‘It’s an act of war against the United States’: Newt Gingrich calls for Biden to ‘order the KILLINGS’ of those behind the Colonial Pipeline cyberattack
- The former Speaker of the House appeared on Fox News on Monday night
- He lamented the U.S.’ vulnerability to cyberattacks like the Colonial Pipeline
- Gingrich, 77, said presidents should be able to ‘order the killings’ of culprits
- He said that the attackers had declared ‘war’ on the country
Newt Gingrich on Monday night said Joe Biden should be authorized to ‘order the killings of anybody overseas’ who was found to be behind attacks on America’s infrastructure, describing the cyberhack of the Colonial Pipeline as ‘an act of war’.
Gas shortages were beginning to be reported across the East Coast on Monday evening, as the pipeline was slowly brought back on line after a four-day shutdown.
Hackers from DarkSide, a Russia-based network of cybercriminals, were said by the FBI to be behind the ransomware attack. On Monday they said they were mistaken to cause ‘societal consequences’, and only sought money. They said they would not target critical infrastructure again, and wanted no part in any geopolitical battles.
But Gingrich said that the United States needed more power to go after those responsible.
‘On the national security part, we ought to pass a law immediately that makes this kind of hacking subject to a death penalty and the law should include a provision that the president, through a judicial process, should be able to order the killings of anybody overseas who is doing this,’ he told Sean Hannity on Fox News.
Newt Gingrich appeared on Sean Hannity’s show on Fox News on Monday night
The 5,500-mile pipeline is the largest in the U.S. and runs from Texas to New Jersey
The Colonial Pipeline runs from Texas to New Jersey and carries 100 million gallons of fuel daily
‘It’s an act of war against the United States to do stuff like this.
‘We need to react to it as an act of war, and the American people are going to look at their representatives and their senators and say, if you don’t fix this, your successor will. I won’t put up with it, and I won’t put up with you if you don’t fix it.’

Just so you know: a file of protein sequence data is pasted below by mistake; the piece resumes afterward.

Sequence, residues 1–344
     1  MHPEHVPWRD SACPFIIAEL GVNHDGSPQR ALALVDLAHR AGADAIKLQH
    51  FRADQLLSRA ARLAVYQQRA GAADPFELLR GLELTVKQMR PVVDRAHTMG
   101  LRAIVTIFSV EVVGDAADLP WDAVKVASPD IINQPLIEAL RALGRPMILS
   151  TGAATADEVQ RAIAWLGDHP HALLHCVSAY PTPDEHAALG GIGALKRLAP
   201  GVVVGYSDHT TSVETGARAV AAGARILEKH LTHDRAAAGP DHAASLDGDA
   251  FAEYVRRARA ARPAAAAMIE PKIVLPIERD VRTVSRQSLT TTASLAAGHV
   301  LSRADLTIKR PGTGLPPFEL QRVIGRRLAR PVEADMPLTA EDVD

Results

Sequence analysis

Gingrich, 77, the former Speaker of the House, said it was pitiful that the U.S. was falling prey to such attacks.
‘We have no idea who they are. We have no idea where they are,’ he said.
‘If we did know who they were, we would have no mechanism to do anything about it.
‘A great country can’t allow people to savage it and have no consequences and wait for the next attack.
‘And yet that literally is where we are.’
Gas shortages were being reported from Florida to Atlanta and as far north as Virginia
Shortages were reported in Atlanta on Monday afternoon, and motorists lined up to fill the cars
Drivers in Asheville, North Carolina, posted photos of long lines waiting to fill up their cars
In Greenville, North Carolina, drivers were also rushing to the pumps to fill their cars
The problem is spiraling out of control.
In the last few months in the United States, ransomware gangs have attacked large businesses, schools and universities, local governments, hospitals and the police.
Last week Christopher Krebs, the former top cyber official in the Department of Homeland Security, told Congress that the ransomware emergency in the U.S. was a ‘digital dumpster fire.’
Appearing before the House Subcommittee on Cybersecurity, Infrastructure Protection & Innovation, Krebs – who was fired by Donald Trump for stating that the November election was free and fair – said that the U.S. had a growing problem.
‘Even if software and services were more secure, the allure of a quick buck and no real repercussions means the forward-looking prospects for ransomware actors are quite good,’ he said.
Gingrich said that Congress needed to act.
‘This ought to be a bipartisan issue. What are we prepared to do to protect America from official governments or private citizens?’ he asked.
‘This is an intolerable situation.’